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Facebook and the need for speed

May 13, 2015
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Facebook and the need for speed

May 13, 2015
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As we are all well aware, there is a great deal of critical information out on the Internet that we must see.  And we must see it at once.

Up until now, when hapless users of Facebook’s mobile app come across a link or listicle that strikes their fancy, they have had to endure the debilitating process of clicking on said link and waiting – up to several seconds – for that page to open.  Adding insult to injury, some users have had to resort to exiting the Facebook app and opening the link in a different browser, depriving themselves of precious seconds that could be used to stare endlessly into the eyes of a baby sloth. 

 “You really only have about three seconds for a web page to load fully before a person’s gone,” says Sean Work, director of inbound marketing at KISSMetrics, a firm that tracks customer data online for subscription-based websites like Netflix and Hulu.  “For certain businesses it has a profound effect on their bottom line.”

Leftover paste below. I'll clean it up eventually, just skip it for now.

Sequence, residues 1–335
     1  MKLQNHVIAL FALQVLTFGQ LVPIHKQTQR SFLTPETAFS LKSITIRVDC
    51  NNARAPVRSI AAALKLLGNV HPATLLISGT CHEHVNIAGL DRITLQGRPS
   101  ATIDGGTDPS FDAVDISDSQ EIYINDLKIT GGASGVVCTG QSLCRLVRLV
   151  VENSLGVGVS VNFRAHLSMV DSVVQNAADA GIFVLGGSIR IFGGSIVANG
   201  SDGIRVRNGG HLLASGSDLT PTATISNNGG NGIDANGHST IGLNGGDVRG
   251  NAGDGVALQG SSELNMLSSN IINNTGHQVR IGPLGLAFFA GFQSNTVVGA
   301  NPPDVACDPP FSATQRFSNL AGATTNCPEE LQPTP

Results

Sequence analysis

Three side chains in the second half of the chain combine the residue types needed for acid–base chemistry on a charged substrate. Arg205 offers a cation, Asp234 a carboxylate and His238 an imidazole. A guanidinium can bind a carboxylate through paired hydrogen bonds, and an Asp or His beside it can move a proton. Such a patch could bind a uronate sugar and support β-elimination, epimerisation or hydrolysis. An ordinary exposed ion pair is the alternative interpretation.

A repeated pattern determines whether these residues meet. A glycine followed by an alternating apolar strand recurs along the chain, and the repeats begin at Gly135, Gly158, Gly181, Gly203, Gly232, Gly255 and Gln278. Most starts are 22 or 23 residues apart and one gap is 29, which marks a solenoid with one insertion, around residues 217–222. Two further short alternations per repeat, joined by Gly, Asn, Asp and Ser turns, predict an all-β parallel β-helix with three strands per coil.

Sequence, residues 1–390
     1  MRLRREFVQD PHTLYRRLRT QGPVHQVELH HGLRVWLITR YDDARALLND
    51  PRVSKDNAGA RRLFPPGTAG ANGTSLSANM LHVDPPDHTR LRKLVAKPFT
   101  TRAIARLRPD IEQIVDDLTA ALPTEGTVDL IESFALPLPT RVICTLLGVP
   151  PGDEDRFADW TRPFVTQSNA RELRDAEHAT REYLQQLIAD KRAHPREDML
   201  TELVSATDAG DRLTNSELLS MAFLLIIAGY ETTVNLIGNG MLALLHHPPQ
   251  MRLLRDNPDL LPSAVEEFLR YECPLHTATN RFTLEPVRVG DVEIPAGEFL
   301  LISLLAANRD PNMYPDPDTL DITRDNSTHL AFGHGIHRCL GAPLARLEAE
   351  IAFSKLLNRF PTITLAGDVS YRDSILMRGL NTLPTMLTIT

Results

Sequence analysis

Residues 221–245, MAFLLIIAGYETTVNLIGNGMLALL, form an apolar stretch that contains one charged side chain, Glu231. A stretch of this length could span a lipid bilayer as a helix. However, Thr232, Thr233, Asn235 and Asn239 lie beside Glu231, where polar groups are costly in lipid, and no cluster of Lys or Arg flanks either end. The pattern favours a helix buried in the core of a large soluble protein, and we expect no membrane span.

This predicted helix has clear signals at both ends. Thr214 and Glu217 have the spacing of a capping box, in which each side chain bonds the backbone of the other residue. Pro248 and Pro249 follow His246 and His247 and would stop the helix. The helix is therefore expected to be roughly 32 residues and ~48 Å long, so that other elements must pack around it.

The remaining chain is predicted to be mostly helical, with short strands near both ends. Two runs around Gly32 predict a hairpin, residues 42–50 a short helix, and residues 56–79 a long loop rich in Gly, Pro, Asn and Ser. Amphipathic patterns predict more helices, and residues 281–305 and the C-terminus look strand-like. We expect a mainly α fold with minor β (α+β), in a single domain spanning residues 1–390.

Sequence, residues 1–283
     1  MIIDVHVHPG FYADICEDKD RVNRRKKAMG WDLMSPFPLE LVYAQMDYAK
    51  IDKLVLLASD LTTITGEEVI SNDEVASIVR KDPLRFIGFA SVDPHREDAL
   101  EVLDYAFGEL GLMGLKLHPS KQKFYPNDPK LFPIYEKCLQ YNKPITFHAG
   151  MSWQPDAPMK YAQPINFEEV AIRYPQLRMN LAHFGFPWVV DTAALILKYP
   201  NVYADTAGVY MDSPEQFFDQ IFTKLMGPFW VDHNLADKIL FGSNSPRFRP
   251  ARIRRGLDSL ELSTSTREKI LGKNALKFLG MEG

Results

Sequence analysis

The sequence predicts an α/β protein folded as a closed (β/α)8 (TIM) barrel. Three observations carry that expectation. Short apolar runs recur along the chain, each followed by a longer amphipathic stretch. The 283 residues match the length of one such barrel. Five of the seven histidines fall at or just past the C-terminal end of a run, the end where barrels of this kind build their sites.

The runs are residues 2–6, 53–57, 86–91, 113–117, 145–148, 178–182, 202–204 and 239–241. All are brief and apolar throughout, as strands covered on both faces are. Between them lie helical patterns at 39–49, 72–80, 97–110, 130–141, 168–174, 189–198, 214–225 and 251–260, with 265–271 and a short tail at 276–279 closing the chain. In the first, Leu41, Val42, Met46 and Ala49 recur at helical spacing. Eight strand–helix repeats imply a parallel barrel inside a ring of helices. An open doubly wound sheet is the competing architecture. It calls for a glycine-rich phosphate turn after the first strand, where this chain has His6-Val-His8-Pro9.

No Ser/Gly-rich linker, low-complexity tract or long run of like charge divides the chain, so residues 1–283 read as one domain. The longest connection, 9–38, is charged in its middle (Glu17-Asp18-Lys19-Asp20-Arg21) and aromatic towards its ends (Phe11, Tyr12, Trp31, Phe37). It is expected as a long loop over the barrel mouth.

This is one of the drivers behind the deal that Facebook has struck with nine major publishers, including the New York Times and BuzzFeed.  The deal lets Facebook host and publish content from these publishers on its own servers, and display them quickly – very quickly – within its mobile app. 

In Facebook’s case, if someone gives up on an article or leaves Facebook’s app to view it, Facebook misses out on important data.

The important information for advertisers and for Facebook to produce more clickable content is “How long you spent on the article, did you read half of it and go away from it? Did you watch any of the multimedia or the videos?” says Debra Aho Williamson, principal analyst at EMarketer.

If that content is hosted on Facebook servers, “it makes it possible for people to stay in that happy little Facebook universe that Facebook has built,” Williamson says.

So ultimately, getting content in front of people faster keeps people in front of Facebook longer.  

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